I always wondered what his story was (and in Ridley Scott's long delayed sorta-prequel "Prometheus," we found out, and perhaps wished we hadn't). I was intrigued by the way the Space Jockey's body seemed to meld with the chair. Was he always bonded to that big gun, if in fact it was a gun and not, say, a telescope? Did the chair grow into him after he died? Or was it possible that the Space Jockey, the gun/telescope, the furnishings and the ship itself were all one organism?
We didn't know. We had no way of knowing.
The not-knowing was the reason it stuck in our mind's eye.
There were bubble gum cards based on "Alien," you know. You could buy them in your local drugstore along with baseball cards and M&Ms. How many young artists' own distinctive nightmare visions were emboldened by this utterly inappropriate product? How many of them look at Giger's paintings today and smell bubblegum, and smile?
It never got old. We never got tired of looking at Giger's xenomorph. Other filmmakers obsessed over it and put their own stamps on it. They never tired of picturing ways in which it might, say, lord over an egg chamber like a queen bee in her hive ("Aliens," 1986) or invade and destroy a helpless dog ("Alien 3," 1992) or swim through a flooded space station like a shark ("Alien Resurrection," 1997). The creatures in "Independence Day" were unabashedly Giger-esque. The Predator in 1987's "Predator" is basically a Giger xenomorph crossed with a Boba Fett-armored big game hunter; a Twentieth Century Fox studio boss once told me the original film in that series got a greenlight because somebody at Fox thought it would be cool to pit John Rambo against a Giger alien in a jungle. It was, and always will be, a classic movie monster, maybe the greatest of them all, and certainly a feat of imagination on par with Jack Pierce's makeup in the Universal "Frankenstein" and the title creature of "E.T." (which was designed and animated by Carlo Rambaldi, who did the animatronic versions of the xenomorph in the original film).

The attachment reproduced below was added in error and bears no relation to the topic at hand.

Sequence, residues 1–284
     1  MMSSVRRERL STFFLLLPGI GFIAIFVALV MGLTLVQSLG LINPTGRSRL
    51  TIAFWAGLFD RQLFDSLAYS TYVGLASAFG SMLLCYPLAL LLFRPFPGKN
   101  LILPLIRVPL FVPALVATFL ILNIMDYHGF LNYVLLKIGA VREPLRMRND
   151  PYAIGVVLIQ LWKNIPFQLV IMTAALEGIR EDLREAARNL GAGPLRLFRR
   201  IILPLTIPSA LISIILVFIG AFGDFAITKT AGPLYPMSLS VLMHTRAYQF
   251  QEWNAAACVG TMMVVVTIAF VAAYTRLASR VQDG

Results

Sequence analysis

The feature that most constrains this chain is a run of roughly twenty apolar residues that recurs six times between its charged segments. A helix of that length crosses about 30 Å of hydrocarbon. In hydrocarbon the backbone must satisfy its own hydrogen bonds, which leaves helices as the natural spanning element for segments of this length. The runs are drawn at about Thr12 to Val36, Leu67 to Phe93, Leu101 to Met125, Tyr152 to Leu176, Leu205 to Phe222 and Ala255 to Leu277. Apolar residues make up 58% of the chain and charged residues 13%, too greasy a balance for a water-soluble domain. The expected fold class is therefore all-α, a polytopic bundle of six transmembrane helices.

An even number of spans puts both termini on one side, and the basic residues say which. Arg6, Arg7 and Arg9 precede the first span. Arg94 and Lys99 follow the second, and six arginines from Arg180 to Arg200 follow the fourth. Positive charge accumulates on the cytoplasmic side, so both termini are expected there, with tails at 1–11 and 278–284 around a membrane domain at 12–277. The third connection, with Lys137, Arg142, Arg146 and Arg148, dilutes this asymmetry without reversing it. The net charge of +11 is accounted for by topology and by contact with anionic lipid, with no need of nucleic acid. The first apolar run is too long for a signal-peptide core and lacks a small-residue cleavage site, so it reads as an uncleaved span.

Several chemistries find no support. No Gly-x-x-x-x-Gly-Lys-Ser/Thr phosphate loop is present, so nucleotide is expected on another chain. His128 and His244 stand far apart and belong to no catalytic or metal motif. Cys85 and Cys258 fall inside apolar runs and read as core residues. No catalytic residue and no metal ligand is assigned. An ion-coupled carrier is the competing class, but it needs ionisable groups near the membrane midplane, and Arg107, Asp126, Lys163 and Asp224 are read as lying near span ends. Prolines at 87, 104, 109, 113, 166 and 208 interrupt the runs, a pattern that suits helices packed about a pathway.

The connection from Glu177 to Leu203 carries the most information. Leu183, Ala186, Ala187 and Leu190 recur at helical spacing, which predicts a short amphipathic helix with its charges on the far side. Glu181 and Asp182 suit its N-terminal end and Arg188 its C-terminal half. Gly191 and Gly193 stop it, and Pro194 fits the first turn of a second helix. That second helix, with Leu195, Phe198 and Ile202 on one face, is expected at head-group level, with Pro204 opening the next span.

H.R. Giger is survived by creatures and films and fictional worlds that would not exist without his example, and by grateful dreamers to whom he gave splendid nightmares.